Up to and including October 2006 many governments face difficulties in implementing policies aimed at mitigating the effects of the AIDS-pandemic due to lack of technical support despite a number of mitigating measures.

Languages and ethnic groups

Speakers of Bantu languages (part of the Niger-Congo family) are the majority in southern, central and east Africa proper. But there are also several Nilotic groups in East Africa, and a few remaining indigenous Khoisan ('San' or 'Bushmen') and Pygmy peoples in southern and central Africa, respectively. Bantu-speaking Africans also predominate in Gabon and Equatorial Guinea, and are found in parts of southern Cameroon and southern Somalia. In the Kalahari Desert of Southern Africa, the distinct people known as the Bushmen (also "San", closely related to, but distinct from "Hottentots") have long been present. The San are physically distinct from other Africans and are the indigenous people of southern Africa. Pygmies are the pre-Bantu indigenous peoples of central Africa.

South Africa has the largest populations of whites, Indians and Coloureds in Africa. The term "Coloured" is used to describe persons of mixed race in South Africa and Namibia. People of European descent in South Africa include the Afrikaner and a sizable populations of Anglo-Africans and Portuguese Africans. Madagascar's population is predominantly of mixed Austronesian (Pacific Islander) and African origin. The area of southern Sudan is inhabited by Nilotic people, the tallest and blackest people in the world.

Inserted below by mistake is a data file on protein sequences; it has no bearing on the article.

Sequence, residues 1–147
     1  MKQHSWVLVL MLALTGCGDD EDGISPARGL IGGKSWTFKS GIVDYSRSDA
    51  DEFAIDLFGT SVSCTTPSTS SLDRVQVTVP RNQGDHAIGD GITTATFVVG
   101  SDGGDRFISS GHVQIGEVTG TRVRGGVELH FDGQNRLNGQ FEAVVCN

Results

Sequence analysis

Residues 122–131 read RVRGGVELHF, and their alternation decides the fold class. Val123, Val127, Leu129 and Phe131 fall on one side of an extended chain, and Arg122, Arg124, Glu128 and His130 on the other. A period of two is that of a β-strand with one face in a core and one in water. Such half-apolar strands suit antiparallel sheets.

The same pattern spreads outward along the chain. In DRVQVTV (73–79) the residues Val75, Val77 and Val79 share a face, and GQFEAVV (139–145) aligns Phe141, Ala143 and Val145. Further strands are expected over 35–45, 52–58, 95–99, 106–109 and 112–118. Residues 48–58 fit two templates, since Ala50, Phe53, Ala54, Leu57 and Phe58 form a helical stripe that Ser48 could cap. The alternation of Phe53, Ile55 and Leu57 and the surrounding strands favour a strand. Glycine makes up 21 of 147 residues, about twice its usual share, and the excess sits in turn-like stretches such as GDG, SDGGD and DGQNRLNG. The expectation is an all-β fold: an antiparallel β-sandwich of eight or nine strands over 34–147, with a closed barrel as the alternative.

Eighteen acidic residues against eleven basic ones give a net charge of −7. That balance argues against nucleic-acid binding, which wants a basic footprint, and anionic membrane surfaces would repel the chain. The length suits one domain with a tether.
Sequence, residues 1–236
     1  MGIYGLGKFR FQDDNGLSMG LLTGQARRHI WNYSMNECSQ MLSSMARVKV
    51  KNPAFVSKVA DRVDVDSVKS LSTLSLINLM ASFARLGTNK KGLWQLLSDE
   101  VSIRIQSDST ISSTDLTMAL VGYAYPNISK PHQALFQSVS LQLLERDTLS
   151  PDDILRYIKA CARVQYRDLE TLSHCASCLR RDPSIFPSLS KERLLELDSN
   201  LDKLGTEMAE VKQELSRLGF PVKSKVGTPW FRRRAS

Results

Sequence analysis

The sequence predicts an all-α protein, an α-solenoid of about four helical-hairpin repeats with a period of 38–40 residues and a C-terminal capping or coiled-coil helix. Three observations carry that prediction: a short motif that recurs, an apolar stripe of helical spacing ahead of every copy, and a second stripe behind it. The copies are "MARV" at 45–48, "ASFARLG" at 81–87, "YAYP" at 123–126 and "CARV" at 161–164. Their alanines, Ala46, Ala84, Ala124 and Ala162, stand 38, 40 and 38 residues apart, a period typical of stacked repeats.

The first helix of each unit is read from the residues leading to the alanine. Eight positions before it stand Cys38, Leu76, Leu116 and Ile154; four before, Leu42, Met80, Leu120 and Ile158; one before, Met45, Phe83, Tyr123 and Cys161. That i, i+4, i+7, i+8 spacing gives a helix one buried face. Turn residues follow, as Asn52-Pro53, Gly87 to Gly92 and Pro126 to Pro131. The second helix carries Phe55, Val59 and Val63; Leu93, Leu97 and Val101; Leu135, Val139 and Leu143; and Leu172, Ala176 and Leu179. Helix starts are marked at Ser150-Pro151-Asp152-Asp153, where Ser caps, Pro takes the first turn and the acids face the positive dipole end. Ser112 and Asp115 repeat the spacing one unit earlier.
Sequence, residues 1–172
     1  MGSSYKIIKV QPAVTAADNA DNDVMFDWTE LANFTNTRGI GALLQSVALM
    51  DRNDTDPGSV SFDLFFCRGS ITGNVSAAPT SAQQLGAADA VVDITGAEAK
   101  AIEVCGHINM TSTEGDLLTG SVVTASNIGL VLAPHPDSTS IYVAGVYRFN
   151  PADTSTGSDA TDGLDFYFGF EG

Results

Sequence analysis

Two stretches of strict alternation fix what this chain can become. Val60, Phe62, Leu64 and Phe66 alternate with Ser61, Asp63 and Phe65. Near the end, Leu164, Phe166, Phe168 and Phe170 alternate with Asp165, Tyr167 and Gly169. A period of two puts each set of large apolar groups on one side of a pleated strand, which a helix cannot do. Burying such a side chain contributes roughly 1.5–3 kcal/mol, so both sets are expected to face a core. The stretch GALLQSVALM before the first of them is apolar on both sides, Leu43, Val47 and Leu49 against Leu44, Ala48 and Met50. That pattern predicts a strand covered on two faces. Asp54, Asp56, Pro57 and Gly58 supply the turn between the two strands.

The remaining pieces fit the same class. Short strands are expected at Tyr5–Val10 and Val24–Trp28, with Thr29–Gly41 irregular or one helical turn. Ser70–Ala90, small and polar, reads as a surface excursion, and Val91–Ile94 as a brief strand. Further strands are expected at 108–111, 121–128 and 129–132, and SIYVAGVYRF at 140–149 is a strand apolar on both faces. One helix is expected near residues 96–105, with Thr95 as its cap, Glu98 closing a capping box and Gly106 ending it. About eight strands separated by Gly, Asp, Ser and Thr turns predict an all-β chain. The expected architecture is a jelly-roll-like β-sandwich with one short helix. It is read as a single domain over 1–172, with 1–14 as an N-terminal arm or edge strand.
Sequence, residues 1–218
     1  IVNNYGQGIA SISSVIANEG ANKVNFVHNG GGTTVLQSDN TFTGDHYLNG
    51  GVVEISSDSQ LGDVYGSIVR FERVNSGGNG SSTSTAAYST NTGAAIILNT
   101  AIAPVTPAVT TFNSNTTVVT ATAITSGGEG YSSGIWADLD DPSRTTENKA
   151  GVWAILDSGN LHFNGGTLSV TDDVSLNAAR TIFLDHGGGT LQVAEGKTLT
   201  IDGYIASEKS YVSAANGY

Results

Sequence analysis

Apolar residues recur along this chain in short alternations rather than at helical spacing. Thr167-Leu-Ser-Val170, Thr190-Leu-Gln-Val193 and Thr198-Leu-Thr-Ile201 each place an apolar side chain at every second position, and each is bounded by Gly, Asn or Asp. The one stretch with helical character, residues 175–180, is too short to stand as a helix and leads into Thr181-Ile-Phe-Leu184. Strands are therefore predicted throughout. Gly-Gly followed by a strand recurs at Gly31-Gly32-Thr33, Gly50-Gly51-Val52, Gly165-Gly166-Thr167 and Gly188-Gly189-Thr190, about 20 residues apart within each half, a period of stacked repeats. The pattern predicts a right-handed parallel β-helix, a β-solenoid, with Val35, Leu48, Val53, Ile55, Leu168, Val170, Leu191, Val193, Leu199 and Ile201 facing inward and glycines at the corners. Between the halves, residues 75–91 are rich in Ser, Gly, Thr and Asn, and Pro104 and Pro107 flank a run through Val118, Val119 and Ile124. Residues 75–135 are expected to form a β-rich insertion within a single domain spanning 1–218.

List of major languages of Sub-Saharan Africa by region, family and total number of native speakers in millions:East Africa

Religion

North Africa is strongly dominated by Islam, while Sub-Saharan Africa, with the exception of the Horn of Africa, is mostly Christian. Adherence to these world religions overlaps with traditional or tribal religions and mythologies.West Africa

List of countries

Only six African countries are not geographically a part of Sub-Saharan Africa: Algeria, Egypt, Libya, Morocco, Tunisia, Western Sahara (claimed by Morocco). Together with the Sudan, they form the UN subregion of Northern Africa. Mauritania and Niger only include a band of the Sahel along their southern borders. All other African countries have at least significant portions of their territory within Sub-Saharan Africa.

Central Africa

ECCAS

Sudan

East Africa

East African Community

Horn of Africa

Southern Africa / SADC

West Africa

See also

References

Sources

  • Taking Action to Reduce Poverty in Sub-Saharan Africa, World Bank Publications (1997), ISBN 0821336983.

External links